In Hall v. Mortgage Electronic Registration Systems, Inc., ___ SW__ ___ (Ky. 2012), the Kentucky Supreme Court addressed a purported violation of KRS 382.365 – specifically, the alleged failure by a mortgagee, without good cause, to release a real estate lien within 45 days following a written request by the mortgagor. In this case, the mortgagee, MERS, did execute and file a release one week after satisfaction of the mortgage. However, due to a scrivener’s error, the release identified the wrong mortgage.
The MERS mortgage subsequently appeared on a title search, and the property owners, the Halls, demanded MERS release its mortgage. However, the Halls did not notify MERS of the defect in the filed release. MERS, believing the mortgage had already been released, took no action. The property owners sued, seeking statutory damages and attorneys’ fees.
The trial court, Court of Appeals, and Supreme Court all agreed that the “good cause” exception contained in the statute shielded MERS from statutory liability. The property owners did not did not notify MERS of the defect in the original release. MERS therefore reasonably believed it had already complied.
The Kentucky Supreme Court concluded its opinion by explaining the “good cause” exception as follows:
[W]e repeat here that the "good cause" determination is to be made on a case-by-case basis, under the totality of the circumstances. In this case, MERS prepared and timely filed a release. Ignorance of a simple scrivener's error, however, misled MERS, once it received the initial notice, into believing that it released the lien. The Halls, on the other hand, knew of the scrivener's error and believed that it rendered the lien release ineffective. They therefore provided MERS with a notice that, although legally sufficient, contributed to MERS's mistaken belief that it had filed an effective release.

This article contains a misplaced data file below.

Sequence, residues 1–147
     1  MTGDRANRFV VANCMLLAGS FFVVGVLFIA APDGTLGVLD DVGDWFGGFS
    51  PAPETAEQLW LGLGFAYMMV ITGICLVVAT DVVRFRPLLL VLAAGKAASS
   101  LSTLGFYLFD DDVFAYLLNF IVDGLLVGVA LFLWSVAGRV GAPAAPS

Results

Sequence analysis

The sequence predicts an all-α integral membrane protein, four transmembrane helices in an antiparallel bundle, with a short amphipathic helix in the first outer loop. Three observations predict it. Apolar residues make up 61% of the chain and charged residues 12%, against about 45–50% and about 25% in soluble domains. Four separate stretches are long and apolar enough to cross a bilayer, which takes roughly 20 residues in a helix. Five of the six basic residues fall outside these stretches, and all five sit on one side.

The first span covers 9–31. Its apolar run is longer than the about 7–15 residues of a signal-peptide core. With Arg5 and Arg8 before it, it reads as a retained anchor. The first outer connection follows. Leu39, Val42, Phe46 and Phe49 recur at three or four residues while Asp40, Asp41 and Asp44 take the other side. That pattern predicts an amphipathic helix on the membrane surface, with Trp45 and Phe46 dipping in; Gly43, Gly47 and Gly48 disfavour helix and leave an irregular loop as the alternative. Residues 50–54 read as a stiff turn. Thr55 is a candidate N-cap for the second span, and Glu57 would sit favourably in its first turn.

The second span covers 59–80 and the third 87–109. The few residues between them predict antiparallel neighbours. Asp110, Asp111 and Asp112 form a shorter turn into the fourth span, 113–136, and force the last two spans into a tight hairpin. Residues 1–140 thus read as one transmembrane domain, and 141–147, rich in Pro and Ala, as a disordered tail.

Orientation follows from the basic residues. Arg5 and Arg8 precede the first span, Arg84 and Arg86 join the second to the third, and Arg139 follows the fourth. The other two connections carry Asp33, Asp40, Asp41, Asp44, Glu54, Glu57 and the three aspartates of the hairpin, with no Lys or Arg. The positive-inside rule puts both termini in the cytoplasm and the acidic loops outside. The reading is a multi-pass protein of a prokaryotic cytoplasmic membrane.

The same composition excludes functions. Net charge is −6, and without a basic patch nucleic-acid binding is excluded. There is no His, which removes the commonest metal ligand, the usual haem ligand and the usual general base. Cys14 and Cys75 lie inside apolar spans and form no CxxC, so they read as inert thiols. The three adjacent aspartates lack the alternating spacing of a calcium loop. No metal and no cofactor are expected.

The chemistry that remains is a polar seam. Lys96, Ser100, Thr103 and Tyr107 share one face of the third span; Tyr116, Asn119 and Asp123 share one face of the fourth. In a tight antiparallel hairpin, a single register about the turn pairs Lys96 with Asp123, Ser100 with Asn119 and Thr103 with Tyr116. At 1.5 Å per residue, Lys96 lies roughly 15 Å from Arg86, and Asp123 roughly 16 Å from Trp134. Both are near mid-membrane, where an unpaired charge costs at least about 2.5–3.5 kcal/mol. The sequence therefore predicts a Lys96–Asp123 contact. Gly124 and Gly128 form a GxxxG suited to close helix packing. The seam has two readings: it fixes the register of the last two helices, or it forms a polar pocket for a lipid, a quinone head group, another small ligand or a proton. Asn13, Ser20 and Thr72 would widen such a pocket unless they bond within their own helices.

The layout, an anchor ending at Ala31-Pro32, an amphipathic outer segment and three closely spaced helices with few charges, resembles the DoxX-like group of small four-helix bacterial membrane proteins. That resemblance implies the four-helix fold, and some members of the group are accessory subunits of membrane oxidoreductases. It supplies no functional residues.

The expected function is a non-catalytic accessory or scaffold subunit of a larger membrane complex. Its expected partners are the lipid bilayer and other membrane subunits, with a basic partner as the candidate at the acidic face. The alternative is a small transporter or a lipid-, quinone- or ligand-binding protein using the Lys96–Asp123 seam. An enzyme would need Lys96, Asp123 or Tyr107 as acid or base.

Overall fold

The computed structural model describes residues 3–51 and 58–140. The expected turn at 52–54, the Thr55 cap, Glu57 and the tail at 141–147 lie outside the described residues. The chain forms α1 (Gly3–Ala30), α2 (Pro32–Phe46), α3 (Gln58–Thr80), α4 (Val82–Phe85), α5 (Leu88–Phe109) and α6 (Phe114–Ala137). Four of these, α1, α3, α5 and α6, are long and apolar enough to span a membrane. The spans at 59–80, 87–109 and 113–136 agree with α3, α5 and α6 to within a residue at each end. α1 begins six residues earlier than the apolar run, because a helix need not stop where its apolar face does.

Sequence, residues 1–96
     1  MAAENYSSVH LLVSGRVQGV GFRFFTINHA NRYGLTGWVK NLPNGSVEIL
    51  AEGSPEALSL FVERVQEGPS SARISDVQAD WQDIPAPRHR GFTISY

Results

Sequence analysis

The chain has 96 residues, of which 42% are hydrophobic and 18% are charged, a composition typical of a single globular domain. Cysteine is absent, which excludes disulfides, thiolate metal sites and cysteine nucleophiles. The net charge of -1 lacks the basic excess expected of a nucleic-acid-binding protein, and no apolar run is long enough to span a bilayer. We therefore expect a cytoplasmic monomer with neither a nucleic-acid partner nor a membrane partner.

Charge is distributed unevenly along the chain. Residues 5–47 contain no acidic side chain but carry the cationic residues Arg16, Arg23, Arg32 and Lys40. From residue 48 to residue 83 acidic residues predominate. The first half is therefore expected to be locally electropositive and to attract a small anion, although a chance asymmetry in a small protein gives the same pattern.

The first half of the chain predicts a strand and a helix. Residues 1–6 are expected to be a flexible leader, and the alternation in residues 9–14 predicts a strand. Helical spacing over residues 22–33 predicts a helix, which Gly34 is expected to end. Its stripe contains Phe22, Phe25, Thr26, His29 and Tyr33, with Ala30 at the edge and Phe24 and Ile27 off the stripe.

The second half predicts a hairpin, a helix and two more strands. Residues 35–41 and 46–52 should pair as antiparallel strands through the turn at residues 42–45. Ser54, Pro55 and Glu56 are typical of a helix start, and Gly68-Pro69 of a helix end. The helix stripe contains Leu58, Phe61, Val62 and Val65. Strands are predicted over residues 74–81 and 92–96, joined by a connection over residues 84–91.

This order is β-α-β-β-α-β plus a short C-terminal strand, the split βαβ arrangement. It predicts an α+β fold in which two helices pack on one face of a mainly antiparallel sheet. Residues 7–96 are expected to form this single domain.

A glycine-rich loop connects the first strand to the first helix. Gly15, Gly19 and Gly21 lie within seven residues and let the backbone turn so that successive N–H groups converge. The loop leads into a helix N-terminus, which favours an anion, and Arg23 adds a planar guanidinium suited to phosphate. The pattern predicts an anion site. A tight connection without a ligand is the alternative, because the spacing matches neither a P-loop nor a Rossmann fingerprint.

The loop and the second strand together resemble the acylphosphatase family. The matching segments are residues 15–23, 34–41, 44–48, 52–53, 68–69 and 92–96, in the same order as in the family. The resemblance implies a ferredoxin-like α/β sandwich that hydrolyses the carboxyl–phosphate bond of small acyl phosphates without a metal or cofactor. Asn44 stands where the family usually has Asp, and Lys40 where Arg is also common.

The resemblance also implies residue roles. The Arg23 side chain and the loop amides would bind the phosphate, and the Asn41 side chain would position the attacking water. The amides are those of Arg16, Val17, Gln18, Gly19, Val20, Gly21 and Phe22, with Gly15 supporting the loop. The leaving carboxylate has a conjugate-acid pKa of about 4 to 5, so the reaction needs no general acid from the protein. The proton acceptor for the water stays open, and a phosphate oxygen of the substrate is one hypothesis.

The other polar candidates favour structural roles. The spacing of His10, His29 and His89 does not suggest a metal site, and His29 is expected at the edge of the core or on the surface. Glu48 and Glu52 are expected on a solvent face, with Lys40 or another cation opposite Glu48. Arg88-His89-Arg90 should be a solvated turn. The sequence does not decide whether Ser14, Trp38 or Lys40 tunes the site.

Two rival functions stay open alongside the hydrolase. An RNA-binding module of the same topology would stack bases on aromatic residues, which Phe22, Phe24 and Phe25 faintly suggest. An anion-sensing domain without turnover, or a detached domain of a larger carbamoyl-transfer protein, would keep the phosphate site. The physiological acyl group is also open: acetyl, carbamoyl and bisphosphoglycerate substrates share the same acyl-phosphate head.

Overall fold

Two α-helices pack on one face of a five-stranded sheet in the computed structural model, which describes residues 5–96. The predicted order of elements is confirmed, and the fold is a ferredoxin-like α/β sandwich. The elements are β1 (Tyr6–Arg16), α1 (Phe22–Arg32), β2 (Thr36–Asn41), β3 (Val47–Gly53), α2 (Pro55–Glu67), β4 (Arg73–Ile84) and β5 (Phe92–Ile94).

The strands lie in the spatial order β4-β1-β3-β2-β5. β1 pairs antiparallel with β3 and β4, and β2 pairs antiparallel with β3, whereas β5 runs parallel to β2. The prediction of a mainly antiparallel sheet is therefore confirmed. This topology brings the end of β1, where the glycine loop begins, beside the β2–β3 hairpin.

Under the circumstances, MERS did the responsible thing and checked its records to confirm that a release had, in fact, been filed. Unfortunately, it did not take the extra step of insuring the release's contents referenced the correct mortgage for an effective filing. Yet, this release did not prevent the Halls from securing a second mortgage with L&N Credit, or otherwise cause them any ultimate harm, other than costs and attorney's fees, for which they were compensated.
Id. at 13.
While the opinion makes little reference to the issue, it should be noted that the plaintiffs, the Halls, were awarded attorneys’ fees. This ruling was not disturbed on appeal. However, because the Halls were in no other way damaged by MERS failure to strictly comply with the statute, the Halls were not also awarded statutory damages which the Court stated would constitute a “windfall.”